How acceptable is it for conservatives to talk about immigration reform in Washington these days? So acceptable that one of the country's leading advocates for immigration restriction is open to the idea of a path to citizenship for millions of people.
As the executive director of the Center for Immigration Studies (CIS), a non-partisan think tank, Mark Krikorian is better known for promoting a "hawkish stand on immigration enforcement" than talking about green cards for undocumented immigrants. But times have changed. Sort of.
Last week, Krikorian wrote in a National Review article that a compromise on immigration reform could mean amnesty. But only "in exchange for an end to future mass immigration [and] after the implementation of enforcement tools to ensure we don't have another 11 million illegals a few years down the road," he wrote.
Krikorian told ABC/Univision that the idea isn't necessarily new for him, but that he believes it's the first time that he's laid out such a trade-off in an article.
"I'm not wild about it, but, practically speaking, you could make a case for it," he said. "If it's the last amnesty."
Part of what makes Krikorian's new public stance so interesting is that the Center for Immigration Studies is the leading academic voice in favor of decreasing immigration in the U.S. In his role as head of the center, Krikorian has opposed past immigration reform efforts, like President George W. Bush's 2007 push for amnesty. The organization has also released reports questioning birthright citizenship and tying a lack of border security to the growth of transnational gangs.
To some degree, that point of view is reflected in what Krikorian is proposing now. He said before politicians consider amnesty, additional enforcement programs need to be in place. That means mandating businesses to use E-Verify, a federal database that checks the work-eligibility of employees, as well as better tracking at U.S. border crossings.
When he says an end to mass immigration, Krikorian isn't just talking about illegal immigration, he's talking about cutting legal immigration in half, from roughly 1.1 million new green card holders per year to 550,000.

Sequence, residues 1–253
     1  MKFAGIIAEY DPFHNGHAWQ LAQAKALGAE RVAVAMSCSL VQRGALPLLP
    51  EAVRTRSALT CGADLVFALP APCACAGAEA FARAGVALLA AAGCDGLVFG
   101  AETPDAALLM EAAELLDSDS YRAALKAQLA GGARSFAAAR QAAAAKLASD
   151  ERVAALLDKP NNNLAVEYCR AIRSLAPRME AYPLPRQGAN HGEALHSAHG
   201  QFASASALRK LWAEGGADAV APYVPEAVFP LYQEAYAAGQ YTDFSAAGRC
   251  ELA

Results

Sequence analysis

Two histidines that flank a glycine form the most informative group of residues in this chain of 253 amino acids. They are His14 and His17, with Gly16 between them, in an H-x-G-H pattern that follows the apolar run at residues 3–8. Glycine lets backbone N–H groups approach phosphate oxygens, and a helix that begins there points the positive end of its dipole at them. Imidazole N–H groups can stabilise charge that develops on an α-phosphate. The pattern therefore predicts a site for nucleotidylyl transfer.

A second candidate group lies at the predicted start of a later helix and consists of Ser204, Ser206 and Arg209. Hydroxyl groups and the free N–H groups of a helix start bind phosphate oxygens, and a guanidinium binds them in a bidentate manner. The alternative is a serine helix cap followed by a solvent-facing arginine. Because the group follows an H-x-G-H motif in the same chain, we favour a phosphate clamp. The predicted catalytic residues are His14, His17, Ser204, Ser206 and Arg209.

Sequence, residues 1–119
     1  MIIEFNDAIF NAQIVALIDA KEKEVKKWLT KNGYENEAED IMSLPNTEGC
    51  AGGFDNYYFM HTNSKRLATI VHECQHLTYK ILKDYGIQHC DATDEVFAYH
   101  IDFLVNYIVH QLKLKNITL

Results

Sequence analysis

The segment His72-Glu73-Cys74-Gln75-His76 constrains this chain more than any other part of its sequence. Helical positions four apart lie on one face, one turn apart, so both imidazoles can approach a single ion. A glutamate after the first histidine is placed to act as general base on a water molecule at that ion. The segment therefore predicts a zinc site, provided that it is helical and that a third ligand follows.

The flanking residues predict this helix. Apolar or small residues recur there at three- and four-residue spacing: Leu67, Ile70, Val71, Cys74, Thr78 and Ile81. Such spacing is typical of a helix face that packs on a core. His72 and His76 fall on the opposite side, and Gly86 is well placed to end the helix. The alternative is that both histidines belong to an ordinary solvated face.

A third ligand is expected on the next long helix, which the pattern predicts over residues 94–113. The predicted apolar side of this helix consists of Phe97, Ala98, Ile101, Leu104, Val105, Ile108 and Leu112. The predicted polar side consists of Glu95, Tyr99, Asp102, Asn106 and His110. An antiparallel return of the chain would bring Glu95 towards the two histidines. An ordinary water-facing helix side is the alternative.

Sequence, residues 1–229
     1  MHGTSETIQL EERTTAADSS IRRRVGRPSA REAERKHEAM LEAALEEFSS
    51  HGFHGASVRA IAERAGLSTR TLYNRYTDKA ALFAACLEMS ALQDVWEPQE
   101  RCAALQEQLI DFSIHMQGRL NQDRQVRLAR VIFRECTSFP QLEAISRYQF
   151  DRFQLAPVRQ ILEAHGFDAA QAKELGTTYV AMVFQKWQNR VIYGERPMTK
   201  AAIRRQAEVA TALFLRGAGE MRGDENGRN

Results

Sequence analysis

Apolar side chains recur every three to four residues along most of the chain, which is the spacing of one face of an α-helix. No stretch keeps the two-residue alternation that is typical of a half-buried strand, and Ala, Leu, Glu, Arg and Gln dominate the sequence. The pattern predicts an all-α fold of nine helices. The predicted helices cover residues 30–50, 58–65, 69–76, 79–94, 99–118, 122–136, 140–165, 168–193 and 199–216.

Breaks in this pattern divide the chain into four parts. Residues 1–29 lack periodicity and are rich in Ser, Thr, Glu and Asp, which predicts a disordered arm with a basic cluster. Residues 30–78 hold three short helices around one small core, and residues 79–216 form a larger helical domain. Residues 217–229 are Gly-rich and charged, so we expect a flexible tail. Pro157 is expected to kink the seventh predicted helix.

To accomplish that, he would reduce the number of family-based immigration visas, limiting them to spouses and minor children of U.S. citizens. He would also narrow the number of immigrants admitted as highly skilled workers saying, "skilled immigration should be limited to Einstein."
But Krikorian's view doesn't reflect the congressional mainstream, according to Marshall Fitz, the director of immigration policy at the Center for American Progress, a non-partisan think tank with liberal leanings.
"There are a few hot heads in Congress who take that position," he said, "but not any that are going to be at the center of these negotiations."
Krikorian doesn't necessarily agree.
"Policy doesn't just get made in some congressional backroom," he said. "This is definitely an opportunity for a think tank like the one I run to help shape the way the thinking on this gels in the next several years."
Similarly, Roy Beck, the head of another restrictionist organization, NumbersUSA, said that if all his organization's demands for immigration enforcement are met "there's probably a place to compromise on amnesty."
Beck acknowledged that any talk of amnesty could be unpopular with those affiliated with NumbersUSA: "Among our 1.3 million activists, it's quite possible the majority of them, we haven't polled them on this, would oppose any kind of amnesty."
That said, it's clear the role played by Latino voters in the last presidential election has prominent Republican politicians looking at immigration as a way to win future votes, and Krikorian's talk about amnesty is a recognition of that new reality, according to Alex Patton, a GOP consultant and pollster for Ozean Consulting.
"I think they realize that they're going to have to move off this intransigent position or they're going to just get left behind," he said.